This story disappointingly did little more than give voice to a few detractors, and fails to even attempt to provide a fuller exposition of what I and the FCC are doing to respond to these troubling times for the telecom sector.
Michael K. Powell
Editor's note: On Aug. 16, Powell announced he would seek a moratorium on plans to roll back the FCC's financial disclosure requirements and reiterated he would ask Congress for authority to impose stiffer fines and penalties on companies that violate the agency's rules. Silver Standard Resources Inc. has yet to mine silver from the projects in Argentina, Australia, Bolivia, and the U.S. that Gary Weiss refers to in "What to bet against" (BusinessWeek Investor, July 1 in some editions). Many of these properties, however, are mines that the company bought and closed because of low silver prices. The reference to never having struck silver is inaccurate.
Silver Standard has been in the resource industry for 54 years. It produced silver and operated profitably from 1947 to 1958, at its first mine, the Silver Standard Mine in central British Columbia.
The 15,000 shareholders of the company who hold long positions believe, as does management, that silver prices will improve, enabling the company's projects to pay off.
Robert A. Quartermain
Silver Standard Resources Inc.
Vancouver While we were pleased to find Nescaf? among "The best global brands" (Special Report, Aug. 5), we must take exception to the description you supplied.
In the first place, Nescaf? is not "cheap": As the world's leading coffee brand, it commands prices higher than those of competitors.
Second, a growth rate of 6% in 2001 does not exactly indicate that the product is losing favor with consumers, especially since coffee consumption overall rose only 2%.
Vevey, Switzerland As the largest outside shareholder of Amazon.com Inc., we have the most to lose from reporting practices that undermine the company's credibility. Your story, "Amazon is all grown up, except for its accounting" (Information Technology, Aug. 5) implies there is some issue with its accounting. There is not. Timothy J. Mullaney calls for Amazon to drop pro forma disclosures, but this would be a mistake. The aim is to supplement, not replace, reports required by generally accepted accounting principles (GAAP).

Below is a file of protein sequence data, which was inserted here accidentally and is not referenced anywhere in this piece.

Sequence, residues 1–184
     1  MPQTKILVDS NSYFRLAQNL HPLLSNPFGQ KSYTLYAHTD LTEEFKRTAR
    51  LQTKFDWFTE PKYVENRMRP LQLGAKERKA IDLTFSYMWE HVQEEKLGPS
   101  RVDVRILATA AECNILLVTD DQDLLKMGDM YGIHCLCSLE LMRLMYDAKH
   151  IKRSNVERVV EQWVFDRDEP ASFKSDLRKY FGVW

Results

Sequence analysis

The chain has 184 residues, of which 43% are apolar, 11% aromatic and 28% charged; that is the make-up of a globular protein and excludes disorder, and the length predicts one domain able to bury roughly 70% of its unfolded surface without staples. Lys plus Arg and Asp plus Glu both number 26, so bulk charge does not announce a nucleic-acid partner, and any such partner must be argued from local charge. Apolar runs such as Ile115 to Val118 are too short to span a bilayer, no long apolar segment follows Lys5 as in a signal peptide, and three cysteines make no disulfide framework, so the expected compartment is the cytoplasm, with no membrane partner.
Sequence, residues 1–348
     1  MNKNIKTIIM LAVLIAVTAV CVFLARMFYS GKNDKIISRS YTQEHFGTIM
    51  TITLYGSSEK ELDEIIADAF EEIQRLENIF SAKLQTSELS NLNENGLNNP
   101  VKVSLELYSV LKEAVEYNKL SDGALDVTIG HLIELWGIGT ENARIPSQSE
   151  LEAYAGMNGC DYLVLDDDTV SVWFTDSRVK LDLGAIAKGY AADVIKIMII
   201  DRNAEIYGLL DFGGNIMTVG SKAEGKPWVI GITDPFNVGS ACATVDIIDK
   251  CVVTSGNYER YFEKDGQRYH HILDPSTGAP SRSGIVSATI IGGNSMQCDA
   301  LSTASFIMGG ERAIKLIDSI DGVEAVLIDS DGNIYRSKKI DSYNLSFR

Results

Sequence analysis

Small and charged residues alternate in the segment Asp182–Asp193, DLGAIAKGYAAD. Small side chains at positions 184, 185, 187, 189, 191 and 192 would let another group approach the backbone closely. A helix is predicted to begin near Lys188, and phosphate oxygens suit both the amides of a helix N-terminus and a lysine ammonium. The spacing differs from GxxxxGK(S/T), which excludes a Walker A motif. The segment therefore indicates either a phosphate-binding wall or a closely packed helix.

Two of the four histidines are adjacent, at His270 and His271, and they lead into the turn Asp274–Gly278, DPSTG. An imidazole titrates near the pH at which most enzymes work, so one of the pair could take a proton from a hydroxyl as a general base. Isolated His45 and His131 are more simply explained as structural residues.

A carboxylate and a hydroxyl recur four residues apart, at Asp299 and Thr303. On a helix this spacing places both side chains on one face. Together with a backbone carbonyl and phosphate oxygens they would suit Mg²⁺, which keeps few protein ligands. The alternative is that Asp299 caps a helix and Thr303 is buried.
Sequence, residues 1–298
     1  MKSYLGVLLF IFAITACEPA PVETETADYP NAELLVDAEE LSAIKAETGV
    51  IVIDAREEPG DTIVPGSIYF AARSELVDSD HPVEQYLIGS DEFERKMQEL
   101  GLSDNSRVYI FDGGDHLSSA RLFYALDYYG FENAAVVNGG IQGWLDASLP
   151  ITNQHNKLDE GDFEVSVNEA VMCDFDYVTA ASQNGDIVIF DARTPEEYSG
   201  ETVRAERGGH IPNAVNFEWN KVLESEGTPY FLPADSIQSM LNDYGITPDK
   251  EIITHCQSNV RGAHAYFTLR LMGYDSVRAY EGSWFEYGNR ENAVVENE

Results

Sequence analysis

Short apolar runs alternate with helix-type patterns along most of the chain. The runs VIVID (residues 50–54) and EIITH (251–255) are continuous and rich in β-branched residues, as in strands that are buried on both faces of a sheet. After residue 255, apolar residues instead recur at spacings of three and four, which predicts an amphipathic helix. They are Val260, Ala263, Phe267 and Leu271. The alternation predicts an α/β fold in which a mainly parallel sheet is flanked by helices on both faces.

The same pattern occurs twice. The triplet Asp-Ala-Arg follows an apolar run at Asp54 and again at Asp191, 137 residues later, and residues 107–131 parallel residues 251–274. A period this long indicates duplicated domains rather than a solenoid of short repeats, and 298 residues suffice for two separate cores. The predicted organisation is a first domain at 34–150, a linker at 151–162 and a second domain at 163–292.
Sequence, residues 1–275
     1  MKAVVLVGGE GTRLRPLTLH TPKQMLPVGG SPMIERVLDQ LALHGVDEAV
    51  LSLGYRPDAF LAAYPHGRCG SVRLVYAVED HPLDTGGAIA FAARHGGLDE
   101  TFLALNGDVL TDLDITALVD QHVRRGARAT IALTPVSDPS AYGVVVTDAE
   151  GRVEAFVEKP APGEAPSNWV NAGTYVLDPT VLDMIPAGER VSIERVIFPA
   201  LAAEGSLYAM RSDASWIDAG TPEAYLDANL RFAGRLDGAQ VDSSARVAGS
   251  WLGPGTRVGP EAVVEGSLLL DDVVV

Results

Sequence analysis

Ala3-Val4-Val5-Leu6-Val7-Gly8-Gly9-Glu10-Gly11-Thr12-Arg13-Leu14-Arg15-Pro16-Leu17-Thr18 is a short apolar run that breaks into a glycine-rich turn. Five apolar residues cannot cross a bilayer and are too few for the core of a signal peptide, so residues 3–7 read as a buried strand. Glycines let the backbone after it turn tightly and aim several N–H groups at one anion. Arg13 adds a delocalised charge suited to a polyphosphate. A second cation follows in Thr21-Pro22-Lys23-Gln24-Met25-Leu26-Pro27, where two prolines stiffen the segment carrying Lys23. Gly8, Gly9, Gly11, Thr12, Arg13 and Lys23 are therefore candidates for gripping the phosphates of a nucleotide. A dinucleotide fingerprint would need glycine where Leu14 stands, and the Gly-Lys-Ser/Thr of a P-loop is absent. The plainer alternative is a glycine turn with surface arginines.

Like every other company, Amazon.com reports its results under GAAP. It provides additional disclosures that it believes will help investors to understand the reality that the accounting conventions are trying to capture. It was the first to provide a full reconciliation of pro forma results with GAAP, just as it was the first technology-driven company to announce it would expense stock options--both in keeping with best practices.
Investors are free to ignore the disclosures if they so choose. We think more disclosure, not less, is better. There is nothing about the use of pro forma numbers that by itself does or should damage credibility. Perhaps the first company to make extensive pro forma disclosures was Warren Buffett's Berkshire Hathaway Inc. No credibility problem there!
We think Amazon.com, a leader in online retailing, is establishing itself as a leader in honest reporting and responsiveness to shareholders. Perhaps that's why its stock is up 25% this year, while the Nasdaq is down 35%.
Legg Mason Funds Management Inc.